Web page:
I personally find myself learning most effectively via example, maybe some of you will be the same. Let’s take one of my principles and think about what this system might look like for one particular path down the tree. 

  • Principle: Focus on the bigger picture.
  • Strategy: Don’t worry/think about low-cost expenses.
  • Tactic: Don’t put a lot of time into anything that will save you less than £100.

Or, in a completely different context:

  • Principle: Play attractive football.
  • Strategy: Everyone must be comfortable on the ball.
  • Tactic: Purchase ball-playing centre backs.

See how things become less abstract as we move down layers but, ultimately, everything is built on the principles.

Certainly uncertain

Regular readers (all 3 of you) will have noticed by now that things are never as simple as I first mislead you into thinking they are. You see, this picture that I beautifully painted above neglects the fact that each layer and each path have different levels of certainty in the mind of both society and the operator.

Let me explain. We don’t know anything, really. Nothing is a true certainty. There are some things that are practically certain, things that have probability > 0.99999999… of being true. But the fact remains that nothing actually has probability 1. Everything exists on a spectrum between 0.99999…..999 and 0.00000…..00001. Everything has a degree of uncertainty attached to it. A width of uncertainty, as I call it. What’s more, similar to the system above, we tend to stack less-certain beliefs on top of more certain ones. Mathematics is generally regarded as being more certain than physics, so physics is built on top of mathematics. The fact that you have to lift weights to grow your muscles is more certain than which exact technique is best to do this, so all of these techniques are stacked on the idea that one must lift weights. As you move up the pyramid, thinking diverges as certainty decreases.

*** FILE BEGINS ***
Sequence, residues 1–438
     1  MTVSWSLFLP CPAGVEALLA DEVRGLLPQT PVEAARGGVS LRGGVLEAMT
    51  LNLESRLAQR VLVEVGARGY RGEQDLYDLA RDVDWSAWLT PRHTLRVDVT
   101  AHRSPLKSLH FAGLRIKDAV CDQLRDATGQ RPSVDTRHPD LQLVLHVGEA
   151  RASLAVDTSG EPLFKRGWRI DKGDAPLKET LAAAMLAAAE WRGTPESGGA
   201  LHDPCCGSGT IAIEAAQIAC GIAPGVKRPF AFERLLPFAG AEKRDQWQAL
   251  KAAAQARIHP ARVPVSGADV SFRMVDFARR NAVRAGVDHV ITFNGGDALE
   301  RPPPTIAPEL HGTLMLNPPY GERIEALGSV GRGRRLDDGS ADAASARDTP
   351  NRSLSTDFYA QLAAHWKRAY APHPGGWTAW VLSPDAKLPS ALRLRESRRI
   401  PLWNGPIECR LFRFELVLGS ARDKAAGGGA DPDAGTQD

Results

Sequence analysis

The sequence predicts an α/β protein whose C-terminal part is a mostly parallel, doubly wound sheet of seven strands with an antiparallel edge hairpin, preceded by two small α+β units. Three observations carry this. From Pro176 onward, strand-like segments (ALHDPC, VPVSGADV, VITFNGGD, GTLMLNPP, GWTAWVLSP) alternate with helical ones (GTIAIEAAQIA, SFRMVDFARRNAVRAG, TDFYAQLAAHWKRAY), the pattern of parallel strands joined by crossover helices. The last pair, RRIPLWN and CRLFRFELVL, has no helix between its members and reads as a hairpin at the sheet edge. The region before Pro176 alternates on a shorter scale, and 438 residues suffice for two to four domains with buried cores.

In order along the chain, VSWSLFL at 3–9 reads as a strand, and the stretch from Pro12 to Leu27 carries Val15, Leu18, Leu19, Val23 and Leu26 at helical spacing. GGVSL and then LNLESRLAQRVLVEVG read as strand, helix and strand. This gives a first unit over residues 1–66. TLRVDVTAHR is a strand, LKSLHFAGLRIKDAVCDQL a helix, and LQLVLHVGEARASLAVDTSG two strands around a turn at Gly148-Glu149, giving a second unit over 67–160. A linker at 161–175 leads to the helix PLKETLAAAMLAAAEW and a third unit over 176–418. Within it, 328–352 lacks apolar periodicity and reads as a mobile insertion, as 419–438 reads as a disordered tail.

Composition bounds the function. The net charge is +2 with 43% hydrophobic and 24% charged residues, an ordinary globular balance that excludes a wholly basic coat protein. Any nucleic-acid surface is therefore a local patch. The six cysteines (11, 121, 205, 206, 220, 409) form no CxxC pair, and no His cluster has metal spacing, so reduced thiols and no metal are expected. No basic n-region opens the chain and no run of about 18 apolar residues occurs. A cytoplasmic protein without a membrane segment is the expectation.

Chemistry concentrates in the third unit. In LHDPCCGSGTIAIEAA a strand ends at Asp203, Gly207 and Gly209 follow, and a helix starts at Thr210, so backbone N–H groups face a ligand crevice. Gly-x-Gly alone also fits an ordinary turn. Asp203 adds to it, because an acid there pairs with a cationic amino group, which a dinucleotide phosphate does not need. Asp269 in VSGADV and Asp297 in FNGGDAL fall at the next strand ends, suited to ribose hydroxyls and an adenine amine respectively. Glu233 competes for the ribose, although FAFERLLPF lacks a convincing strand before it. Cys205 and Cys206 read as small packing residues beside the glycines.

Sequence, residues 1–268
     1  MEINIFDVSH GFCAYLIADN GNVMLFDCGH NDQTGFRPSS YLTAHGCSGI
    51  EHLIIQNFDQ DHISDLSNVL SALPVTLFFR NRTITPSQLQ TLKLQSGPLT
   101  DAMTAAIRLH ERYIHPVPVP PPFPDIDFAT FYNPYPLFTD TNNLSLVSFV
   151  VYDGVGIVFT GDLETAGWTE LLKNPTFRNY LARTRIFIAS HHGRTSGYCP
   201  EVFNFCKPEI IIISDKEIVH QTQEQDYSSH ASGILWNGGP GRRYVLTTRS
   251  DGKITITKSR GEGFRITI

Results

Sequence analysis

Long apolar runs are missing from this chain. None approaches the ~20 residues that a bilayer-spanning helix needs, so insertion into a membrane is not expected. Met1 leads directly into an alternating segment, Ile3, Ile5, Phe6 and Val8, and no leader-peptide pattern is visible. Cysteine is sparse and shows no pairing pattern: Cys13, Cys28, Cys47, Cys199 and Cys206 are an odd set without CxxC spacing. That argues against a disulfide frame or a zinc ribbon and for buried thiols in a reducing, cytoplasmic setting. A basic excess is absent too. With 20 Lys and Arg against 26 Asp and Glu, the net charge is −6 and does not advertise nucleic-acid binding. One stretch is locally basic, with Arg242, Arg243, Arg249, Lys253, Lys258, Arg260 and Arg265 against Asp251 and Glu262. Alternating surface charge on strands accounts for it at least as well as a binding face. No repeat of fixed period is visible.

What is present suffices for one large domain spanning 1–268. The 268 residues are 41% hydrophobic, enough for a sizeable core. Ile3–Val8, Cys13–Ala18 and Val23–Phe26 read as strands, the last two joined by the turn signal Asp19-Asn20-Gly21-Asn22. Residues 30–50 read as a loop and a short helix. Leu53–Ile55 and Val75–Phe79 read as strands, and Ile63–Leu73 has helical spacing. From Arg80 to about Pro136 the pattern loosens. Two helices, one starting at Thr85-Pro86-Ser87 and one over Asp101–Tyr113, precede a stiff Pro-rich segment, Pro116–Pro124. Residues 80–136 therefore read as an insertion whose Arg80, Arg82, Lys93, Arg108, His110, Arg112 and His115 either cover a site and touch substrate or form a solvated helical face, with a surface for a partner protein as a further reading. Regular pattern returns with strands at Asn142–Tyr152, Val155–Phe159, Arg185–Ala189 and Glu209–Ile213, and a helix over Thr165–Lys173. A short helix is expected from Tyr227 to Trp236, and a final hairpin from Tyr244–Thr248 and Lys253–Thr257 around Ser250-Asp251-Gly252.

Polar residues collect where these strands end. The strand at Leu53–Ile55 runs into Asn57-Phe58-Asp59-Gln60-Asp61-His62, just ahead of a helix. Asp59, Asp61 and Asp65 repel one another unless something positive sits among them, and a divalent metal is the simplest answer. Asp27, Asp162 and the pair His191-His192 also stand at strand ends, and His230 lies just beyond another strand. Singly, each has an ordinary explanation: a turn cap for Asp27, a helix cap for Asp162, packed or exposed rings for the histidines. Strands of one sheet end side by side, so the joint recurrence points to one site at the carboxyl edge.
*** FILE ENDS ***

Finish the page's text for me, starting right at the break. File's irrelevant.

How does this relate to our principles-based system of thinking and acting from above? To be honest, there is no neat-and-tidy way that it does. What is clear is that principles are not ever-lasting. Some new discovery or understanding can wipe out even a very certain piece of knowledge (or a principle). The main point, I think, is that one should always be open to the possibility that principles can change…and the degree of belief surrounding those principles can change, too.

Investing is hard

This field, like most, is largely composed of opinions. Probabilities are unknown. General advice is pretty useless. No one knows the answers.

The complexity of financial markets, and the economic system as a whole, ensures this. This may be at first glance horrifying but it has its benefits. You see, we know that there is generally more uncertainty than most people perceive. This somewhat simplifies the decision-making process. If you don’t know which asset is going to give you the highest return, how would you invest? You’d split your investments evenly. A very simple decision. If you know that an asset’s price could fluctuate wildly and even go to 0 with some non-trivial probability, you wouldn’t invest all your money into that asset. 

This is what Perpetual Prudence is all about. We’re trying to solve Lifetime Investing: how to invest when there is a lot of uncertainty about a lot of things. Acknowledging the uncertainty is the first step of this process.

What do you think?